Financing of biodiversity: a challenge that advances

Biodiversity conservation contributes directly to the achievement of sustainable development goals and is a concrete action to face the climate emergency. This includes stopping species loss, managing invasive alien species, effectively conserving protected areas and promoting both coordination and participation of society in these matters; activities that require financing.

What scenario are we in? On a global scale, we are far from reaching the desired budget for 2030, close to 967,000 million dollars per year; also far from covering the conservation costs of endangered species, which reach 1,000 million dollars for every 0.5% of the species, according to estimates. In Chile, important marine and terrestrial surfaces have been designated for conservation through Marine Parks and National Parks, among other figures. However, the budget is insufficient and the allocation of resources depends largely on revenue collection.

According to data from the Wildlife Conservation Society, in the marine field, public resources cover only 1.7% of the operational budget; In the terrestrial space, the protected areas, which cover a little more than 1/5 of the country, allocate a large part of the budget to tasks related to the attention of visitors and the collection of income. An example is our Juan Fernández Archipelago National Park, world-renowned for its level of endemism, but without the adequate budget for its conservation, due to the low arrival of visitors and low collection. What happens then outside of parks of this magnitude? Draw your conclusions.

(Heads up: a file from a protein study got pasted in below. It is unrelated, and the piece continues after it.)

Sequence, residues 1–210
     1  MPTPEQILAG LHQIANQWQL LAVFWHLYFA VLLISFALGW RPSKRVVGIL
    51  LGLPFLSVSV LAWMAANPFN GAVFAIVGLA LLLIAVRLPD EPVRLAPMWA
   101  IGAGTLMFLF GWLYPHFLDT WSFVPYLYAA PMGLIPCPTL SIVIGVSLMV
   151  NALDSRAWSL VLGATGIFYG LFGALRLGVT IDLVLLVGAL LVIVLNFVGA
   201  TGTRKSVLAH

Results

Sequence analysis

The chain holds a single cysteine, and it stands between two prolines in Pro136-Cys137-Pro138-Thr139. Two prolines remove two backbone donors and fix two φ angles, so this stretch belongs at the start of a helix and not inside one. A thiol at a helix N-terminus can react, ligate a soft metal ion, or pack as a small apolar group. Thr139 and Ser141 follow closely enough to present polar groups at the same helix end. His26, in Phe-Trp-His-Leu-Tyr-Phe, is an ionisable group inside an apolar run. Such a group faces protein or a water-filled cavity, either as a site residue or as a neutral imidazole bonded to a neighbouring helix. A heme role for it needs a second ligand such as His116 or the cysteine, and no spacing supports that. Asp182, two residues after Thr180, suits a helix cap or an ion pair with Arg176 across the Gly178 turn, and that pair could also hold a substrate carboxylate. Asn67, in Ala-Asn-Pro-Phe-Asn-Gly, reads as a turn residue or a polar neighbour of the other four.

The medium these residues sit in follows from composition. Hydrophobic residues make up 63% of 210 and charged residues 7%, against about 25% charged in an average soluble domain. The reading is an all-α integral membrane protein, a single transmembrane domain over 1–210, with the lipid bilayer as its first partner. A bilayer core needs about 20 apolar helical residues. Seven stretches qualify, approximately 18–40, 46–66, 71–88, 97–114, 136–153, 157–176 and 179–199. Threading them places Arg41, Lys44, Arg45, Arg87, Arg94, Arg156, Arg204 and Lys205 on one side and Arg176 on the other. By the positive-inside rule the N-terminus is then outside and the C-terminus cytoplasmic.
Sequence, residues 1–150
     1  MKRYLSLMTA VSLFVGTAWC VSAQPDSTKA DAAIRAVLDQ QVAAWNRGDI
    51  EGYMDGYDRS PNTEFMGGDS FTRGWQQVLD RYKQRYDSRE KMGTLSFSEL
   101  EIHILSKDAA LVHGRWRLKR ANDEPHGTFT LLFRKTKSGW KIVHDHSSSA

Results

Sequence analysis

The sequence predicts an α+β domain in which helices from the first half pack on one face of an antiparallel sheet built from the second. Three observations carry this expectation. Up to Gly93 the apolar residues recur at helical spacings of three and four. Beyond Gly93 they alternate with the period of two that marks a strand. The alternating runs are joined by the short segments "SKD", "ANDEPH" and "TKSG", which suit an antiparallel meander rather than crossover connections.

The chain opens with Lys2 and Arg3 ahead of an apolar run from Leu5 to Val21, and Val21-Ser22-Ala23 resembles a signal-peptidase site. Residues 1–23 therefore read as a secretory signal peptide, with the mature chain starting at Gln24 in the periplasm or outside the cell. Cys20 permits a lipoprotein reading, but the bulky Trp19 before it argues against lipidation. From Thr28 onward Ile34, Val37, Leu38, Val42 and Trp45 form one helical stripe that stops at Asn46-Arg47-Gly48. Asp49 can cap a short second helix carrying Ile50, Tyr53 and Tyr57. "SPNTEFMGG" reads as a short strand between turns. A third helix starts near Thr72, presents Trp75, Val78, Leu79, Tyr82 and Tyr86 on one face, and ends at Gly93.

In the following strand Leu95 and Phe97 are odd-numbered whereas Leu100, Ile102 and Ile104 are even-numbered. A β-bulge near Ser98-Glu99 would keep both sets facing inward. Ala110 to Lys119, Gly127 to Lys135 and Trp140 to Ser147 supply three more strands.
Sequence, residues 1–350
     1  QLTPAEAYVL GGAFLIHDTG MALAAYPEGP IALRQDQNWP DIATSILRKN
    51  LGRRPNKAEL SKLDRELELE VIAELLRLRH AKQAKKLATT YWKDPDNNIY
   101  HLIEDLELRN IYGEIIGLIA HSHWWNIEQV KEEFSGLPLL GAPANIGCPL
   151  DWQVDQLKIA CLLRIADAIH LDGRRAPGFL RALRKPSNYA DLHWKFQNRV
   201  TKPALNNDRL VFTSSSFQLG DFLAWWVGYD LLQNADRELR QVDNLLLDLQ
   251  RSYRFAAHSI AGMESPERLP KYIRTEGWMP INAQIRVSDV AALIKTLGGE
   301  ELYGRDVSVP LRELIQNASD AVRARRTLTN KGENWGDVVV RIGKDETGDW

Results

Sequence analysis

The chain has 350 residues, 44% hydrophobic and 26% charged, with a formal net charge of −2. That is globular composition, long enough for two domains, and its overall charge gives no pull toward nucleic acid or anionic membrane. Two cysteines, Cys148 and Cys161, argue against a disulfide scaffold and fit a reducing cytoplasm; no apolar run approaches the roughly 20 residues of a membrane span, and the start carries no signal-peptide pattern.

Recent analyzes show that 8 of the 125 terrestrial ecosystems in the country do not present any type of protection, nor budget, and 61% of the ecosystems are not correctly represented in protected areas. This evidence shows the need for greater resources and new mechanisms to access them, which must be more agile, flexible and integrated into a major national strategy.

A relevant advance was the creation of the first environmental fund for the conservation of biodiversity, which replicates the successful model developed in 19 countries in Latin America and the Caribbean, which has managed to channel more than 1.4 billion dollars in the last 30 years. years. This proposes a complementary financing mechanism taking international experience, which places us at the height of the challenges, but we must go for more. The sustainable development goals and the climate emergency need concrete actions, permanent financing and an organized and integrated civil society in decision-making.

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Source: www.elmostrador.cl

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